In theory, consolidating a number of higher-interest loans into one lower-interest loan makes sense. Consolidated loans typically offer lower monthly payments, and making just one payment is simpler.
If you have outstanding credit card balances, student loans, auto payments and mortgages, you may be a candidate for loan consolidation. You have many options from which to choose: taking a personal loan from your bank or credit union, rolling your credit-card balances to a low-rate card, or borrowing against the equity in your home.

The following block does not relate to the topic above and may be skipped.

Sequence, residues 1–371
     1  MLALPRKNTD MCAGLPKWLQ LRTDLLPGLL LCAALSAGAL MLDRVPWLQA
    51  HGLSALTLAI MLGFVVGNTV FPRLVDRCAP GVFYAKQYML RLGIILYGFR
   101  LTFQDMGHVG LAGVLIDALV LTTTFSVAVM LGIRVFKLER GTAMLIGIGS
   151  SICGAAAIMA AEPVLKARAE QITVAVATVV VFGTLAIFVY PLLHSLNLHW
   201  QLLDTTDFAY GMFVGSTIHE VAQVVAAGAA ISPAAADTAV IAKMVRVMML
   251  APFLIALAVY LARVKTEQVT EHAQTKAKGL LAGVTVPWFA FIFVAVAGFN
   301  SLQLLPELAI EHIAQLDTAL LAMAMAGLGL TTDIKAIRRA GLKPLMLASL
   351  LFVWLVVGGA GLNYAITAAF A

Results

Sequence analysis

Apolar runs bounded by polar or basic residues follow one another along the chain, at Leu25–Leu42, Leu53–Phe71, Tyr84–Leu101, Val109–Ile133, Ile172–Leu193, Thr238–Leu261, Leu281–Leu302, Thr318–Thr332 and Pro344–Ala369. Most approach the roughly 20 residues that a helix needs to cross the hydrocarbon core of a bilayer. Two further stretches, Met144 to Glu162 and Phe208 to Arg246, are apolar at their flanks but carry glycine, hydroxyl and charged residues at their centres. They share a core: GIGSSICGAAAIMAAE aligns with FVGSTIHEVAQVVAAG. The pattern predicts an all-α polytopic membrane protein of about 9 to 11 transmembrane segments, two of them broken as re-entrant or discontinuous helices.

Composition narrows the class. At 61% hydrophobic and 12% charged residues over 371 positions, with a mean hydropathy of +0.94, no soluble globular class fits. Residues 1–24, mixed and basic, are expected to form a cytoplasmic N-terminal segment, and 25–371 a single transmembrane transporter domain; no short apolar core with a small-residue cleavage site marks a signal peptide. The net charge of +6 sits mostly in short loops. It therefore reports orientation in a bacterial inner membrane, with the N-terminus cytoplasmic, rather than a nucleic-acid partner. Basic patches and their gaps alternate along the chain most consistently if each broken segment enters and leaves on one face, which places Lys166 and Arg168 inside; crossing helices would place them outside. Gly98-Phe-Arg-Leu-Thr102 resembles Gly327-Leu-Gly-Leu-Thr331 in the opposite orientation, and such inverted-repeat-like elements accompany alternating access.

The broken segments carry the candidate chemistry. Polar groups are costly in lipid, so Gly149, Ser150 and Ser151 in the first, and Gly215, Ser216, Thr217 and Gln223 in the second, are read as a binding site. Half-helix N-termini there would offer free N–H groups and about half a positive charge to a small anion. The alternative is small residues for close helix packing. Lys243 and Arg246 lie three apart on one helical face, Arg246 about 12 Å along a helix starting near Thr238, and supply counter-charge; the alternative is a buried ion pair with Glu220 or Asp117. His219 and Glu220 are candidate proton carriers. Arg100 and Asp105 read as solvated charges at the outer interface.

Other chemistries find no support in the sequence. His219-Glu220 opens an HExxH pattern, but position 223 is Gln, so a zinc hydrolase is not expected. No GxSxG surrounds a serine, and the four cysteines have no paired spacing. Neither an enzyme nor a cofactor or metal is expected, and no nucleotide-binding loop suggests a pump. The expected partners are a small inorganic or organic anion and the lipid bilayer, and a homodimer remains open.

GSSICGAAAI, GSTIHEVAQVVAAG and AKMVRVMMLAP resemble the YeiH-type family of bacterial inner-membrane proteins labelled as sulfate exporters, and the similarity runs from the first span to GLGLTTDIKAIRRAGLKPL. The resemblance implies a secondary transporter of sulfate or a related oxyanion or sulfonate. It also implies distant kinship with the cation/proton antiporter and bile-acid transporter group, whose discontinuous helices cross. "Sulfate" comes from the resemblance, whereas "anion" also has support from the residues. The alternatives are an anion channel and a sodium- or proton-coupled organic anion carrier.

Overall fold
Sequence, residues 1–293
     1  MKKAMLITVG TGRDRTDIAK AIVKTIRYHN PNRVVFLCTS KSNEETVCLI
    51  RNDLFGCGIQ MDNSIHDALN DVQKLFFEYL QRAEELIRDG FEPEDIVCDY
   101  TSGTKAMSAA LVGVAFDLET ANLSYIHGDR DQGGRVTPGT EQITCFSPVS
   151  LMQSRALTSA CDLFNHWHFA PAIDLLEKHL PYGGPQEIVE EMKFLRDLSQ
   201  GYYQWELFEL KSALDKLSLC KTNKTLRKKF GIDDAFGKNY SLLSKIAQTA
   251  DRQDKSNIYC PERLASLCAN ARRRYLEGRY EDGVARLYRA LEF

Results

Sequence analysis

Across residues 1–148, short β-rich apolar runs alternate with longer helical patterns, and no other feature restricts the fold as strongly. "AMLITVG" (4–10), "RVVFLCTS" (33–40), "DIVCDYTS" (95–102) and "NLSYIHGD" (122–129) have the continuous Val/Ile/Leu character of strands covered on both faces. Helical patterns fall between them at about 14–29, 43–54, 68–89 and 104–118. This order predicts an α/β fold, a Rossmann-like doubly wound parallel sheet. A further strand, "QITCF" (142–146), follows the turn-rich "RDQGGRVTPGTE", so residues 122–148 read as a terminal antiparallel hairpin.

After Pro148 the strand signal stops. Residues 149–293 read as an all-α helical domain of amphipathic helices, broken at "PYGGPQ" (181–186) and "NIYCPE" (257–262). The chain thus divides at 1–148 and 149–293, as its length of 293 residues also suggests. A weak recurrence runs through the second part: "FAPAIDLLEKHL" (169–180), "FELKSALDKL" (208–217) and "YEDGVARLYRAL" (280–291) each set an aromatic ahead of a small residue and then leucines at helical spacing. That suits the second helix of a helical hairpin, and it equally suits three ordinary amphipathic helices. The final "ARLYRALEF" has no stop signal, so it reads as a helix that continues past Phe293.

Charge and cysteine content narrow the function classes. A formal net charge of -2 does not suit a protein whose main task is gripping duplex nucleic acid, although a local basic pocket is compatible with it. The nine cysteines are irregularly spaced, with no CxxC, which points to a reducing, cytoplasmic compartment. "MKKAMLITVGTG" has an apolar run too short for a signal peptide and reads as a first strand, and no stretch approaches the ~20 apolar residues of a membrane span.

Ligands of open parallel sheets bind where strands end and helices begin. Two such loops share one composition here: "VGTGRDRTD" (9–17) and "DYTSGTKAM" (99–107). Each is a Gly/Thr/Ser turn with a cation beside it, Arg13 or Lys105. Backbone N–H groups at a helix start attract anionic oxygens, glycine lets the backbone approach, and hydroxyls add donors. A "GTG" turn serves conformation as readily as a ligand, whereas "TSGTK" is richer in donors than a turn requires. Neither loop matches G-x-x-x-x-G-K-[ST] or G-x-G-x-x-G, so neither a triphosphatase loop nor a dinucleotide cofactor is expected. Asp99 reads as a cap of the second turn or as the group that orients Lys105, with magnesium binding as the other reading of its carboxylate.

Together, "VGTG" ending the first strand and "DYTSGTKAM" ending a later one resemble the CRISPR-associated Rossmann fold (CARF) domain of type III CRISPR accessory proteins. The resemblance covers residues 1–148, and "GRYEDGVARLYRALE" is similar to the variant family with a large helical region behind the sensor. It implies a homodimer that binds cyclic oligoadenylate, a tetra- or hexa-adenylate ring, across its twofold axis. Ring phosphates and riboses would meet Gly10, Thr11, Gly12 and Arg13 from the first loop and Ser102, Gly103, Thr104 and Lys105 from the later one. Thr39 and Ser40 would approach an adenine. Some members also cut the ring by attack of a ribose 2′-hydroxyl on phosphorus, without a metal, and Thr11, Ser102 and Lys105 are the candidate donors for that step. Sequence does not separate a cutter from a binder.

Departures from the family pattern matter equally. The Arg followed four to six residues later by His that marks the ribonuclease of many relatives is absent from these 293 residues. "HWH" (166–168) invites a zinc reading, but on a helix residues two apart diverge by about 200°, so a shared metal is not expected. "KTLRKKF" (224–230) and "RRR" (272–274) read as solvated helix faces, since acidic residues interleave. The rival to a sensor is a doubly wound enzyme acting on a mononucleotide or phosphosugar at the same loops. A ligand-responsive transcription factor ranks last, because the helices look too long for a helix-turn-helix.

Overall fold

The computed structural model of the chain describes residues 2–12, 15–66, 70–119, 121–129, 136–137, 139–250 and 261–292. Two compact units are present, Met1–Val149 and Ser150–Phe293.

There is one huge downside in consolidating your loans, however. If you haven’t solved the problems that put you into debt in the first place, you’ll end up worse off. Surveys confirm that about two-thirds of those who borrow against their home equity to pay off plastic run up more credit card debt within two years. So here’s the big sticking point: couples should not consolidate until they have changed their habits. Do yourself a favor: Hate debt; start paying it off; spend less than you earn. Then, consolidate your loans.